You'll need surfacing material under and around your playground equipment to ensure safe play. Find out why and learn about your options here.

Surfacing 101

The surfacing under and around playground equipment is one of the most important factors in reducing the likelihood of life-threatening head injuries. The Consumer Product Safety Commission (CPSC) and American Society for Testing and Materials International (ASTM) provide specific guidance on suitable surfacing material usage depending on the fall heights, sub base composition, and intended age range for users of your playground. In order to provide the safest play areas, we only select safety surfacing materials which comply with CPSC guidance and that have been tested and comply with the appropriate ASTM standards.

Playgrounds should never be installed without impact attenuating protective surfacing of some type. Concrete, asphalt or other hard surfaces should never be directly under playground equipment. Grass and dirt are not considered protective surfacing because wear and environmental factors can reduce their shock absorbing effectiveness. Carpeting and mats are also not appropriate unless they have been tested to comply with ASTM F1292. Loose fill surfacing should be avoided for playgrounds intended for toddlers. Some injuries from falls, including broken limbs, may occur no matter what playground safety surfacing material is used.

Surfacing Options

Your surfacing choices often depend on your budget.

Loose Fill Surfacing Options:

Engineered Wood Fiber (EWF)

EWF is a wood product that may look similar in appearance to landscaping mulch, but EWF products are designed specifically for use as a playground safety surface. This surfacing is the most inexpensive option, but requires the most upkeep. EWF will compress at least 25% over time due to use and weathering. EWF also requires frequent maintenance to ensure surfacing levels never drop below the minimum depth indicated in the CPSC Handbook for Public Playground Safety. The perimeter of the playground should provide a method of containing the surfacing materials, and good drainage is essential to reducing material compaction and decomposition.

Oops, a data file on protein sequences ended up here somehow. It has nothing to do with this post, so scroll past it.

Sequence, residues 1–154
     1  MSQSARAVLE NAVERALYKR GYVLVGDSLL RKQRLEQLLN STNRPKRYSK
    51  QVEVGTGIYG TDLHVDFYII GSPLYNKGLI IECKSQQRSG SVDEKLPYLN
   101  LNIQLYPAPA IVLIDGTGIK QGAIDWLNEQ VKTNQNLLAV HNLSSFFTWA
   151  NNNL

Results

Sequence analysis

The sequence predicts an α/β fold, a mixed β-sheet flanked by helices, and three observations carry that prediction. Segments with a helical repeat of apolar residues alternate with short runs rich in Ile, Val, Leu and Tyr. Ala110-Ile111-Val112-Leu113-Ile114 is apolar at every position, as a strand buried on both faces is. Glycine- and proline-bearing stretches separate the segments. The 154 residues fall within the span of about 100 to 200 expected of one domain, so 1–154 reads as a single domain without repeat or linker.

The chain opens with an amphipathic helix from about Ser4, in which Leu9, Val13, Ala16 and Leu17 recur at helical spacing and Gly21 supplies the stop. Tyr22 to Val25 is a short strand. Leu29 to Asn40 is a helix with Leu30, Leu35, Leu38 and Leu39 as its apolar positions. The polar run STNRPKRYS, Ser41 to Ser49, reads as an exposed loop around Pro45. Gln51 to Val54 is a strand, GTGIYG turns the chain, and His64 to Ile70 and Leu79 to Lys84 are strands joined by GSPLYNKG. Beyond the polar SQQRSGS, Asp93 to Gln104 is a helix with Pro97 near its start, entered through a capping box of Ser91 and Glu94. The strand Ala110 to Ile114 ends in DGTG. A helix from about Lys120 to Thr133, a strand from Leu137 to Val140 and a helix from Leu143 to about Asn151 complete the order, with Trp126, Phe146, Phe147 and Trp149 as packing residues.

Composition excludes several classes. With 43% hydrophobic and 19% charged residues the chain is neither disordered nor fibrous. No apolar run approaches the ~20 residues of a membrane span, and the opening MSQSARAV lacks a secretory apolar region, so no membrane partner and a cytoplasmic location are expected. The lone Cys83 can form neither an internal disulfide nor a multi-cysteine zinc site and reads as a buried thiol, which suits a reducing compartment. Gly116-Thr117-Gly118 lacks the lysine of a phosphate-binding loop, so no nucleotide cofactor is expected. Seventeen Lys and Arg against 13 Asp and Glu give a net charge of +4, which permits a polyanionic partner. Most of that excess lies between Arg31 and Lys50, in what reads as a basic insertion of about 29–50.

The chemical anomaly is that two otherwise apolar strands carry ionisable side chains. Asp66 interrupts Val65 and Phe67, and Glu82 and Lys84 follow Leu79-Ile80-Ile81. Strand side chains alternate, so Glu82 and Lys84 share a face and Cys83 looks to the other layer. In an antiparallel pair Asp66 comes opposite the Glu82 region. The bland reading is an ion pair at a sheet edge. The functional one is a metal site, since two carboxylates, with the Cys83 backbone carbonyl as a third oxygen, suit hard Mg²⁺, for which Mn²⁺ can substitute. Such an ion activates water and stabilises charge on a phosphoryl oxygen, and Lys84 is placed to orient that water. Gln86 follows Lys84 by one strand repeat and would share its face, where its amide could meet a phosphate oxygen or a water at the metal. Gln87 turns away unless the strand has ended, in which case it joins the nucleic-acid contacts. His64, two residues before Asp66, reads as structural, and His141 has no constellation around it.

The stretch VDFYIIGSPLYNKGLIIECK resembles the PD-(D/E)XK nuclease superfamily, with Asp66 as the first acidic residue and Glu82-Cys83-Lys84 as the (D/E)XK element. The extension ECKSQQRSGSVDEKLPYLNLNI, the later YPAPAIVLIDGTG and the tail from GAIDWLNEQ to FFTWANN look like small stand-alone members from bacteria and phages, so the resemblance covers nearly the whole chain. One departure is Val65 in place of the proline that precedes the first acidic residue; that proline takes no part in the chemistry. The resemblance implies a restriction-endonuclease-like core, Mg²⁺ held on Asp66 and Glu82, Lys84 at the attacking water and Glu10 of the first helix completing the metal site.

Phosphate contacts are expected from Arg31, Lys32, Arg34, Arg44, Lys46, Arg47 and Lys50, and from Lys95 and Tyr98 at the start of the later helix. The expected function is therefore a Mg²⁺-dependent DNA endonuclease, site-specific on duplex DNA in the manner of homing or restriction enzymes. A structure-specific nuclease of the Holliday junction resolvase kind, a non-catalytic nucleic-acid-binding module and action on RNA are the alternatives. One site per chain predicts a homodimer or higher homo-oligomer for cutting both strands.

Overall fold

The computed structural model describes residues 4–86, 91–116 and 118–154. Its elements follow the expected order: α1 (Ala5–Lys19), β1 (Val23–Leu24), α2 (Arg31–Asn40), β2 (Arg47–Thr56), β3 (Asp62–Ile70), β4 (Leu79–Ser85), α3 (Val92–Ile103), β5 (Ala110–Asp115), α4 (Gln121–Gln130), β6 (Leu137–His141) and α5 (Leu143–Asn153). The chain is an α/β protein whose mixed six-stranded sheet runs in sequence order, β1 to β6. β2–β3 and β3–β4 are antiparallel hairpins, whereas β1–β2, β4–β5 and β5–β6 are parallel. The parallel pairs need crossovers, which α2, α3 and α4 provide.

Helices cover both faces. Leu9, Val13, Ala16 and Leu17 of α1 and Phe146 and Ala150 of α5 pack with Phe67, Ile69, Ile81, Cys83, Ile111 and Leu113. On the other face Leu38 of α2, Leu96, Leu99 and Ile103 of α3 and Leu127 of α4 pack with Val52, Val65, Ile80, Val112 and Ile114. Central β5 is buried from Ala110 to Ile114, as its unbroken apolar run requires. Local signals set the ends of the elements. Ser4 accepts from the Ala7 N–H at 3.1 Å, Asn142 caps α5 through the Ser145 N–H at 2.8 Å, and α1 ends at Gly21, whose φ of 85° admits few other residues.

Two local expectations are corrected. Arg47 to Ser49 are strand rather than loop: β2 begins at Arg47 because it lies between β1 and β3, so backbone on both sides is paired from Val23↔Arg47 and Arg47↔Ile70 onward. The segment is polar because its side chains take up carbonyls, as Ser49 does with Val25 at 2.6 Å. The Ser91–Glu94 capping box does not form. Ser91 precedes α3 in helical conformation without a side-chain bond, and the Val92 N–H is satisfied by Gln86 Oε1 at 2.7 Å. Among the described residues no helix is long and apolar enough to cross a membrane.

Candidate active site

Recycled Loose Fill Rubber (Rubber Mulch)

Rubber mulch, on the other hand, is more expensive than EWF but requires much less maintenance. It won't compact over time or need to be "topped off" nearly as often. It's also a safer alternative to engineered wood fiber. Rubber mulch is made from 100% clean recycled car tire material, and offer the highest impact absorbing ratings of all loose fill surfacing options. It also offers more color choice options than EWF. It is ADA compliant for wheelchair accessibility, and a 6-inch deep layer of rubber mulch will cushion a child's fall from as high as 16 feet.

Rubber mulch is a more expensive upfront cost than EWF, but may actually be a more economical solution than EWF since it doesn't splinter and is resistant to compression, decomposition, insect and animal infestation, wind and water erosion, and fading caused by sunlight. Rubber mulch lasts up to 10 times longer than EWF and retains its color while not staining clothes or skin, even in the rain. Since rubber mulch doesn't compact or decompose like EWF, it lasts much longer, saving not only the costs of the mulch itself to "top off" every year, but also the labor to spread it, which can amount to nearly a 65% savings over 5 years compared to EWF.

Unitary Surfacing Options:

Synthetic Turf

Synthetic turf presents a fantastic option that brings a great, natural appearance to the playground surfacing, without the allergens associated with natural grass, and without the need to water or mow. It is made with non-abrasive material to reduce the cuts and scrapes normally associated with loose-fill surface materials like rubber mulch and EWF. Our turf products are ASTM tested and compliant, and engineered to drain quickly. Turf is a low maintenance surfacing option, as it does not displace and resistant to wear and tear. Like other unitary surfaces, turf presents a great option for ADA accessibility to play structures and equipment.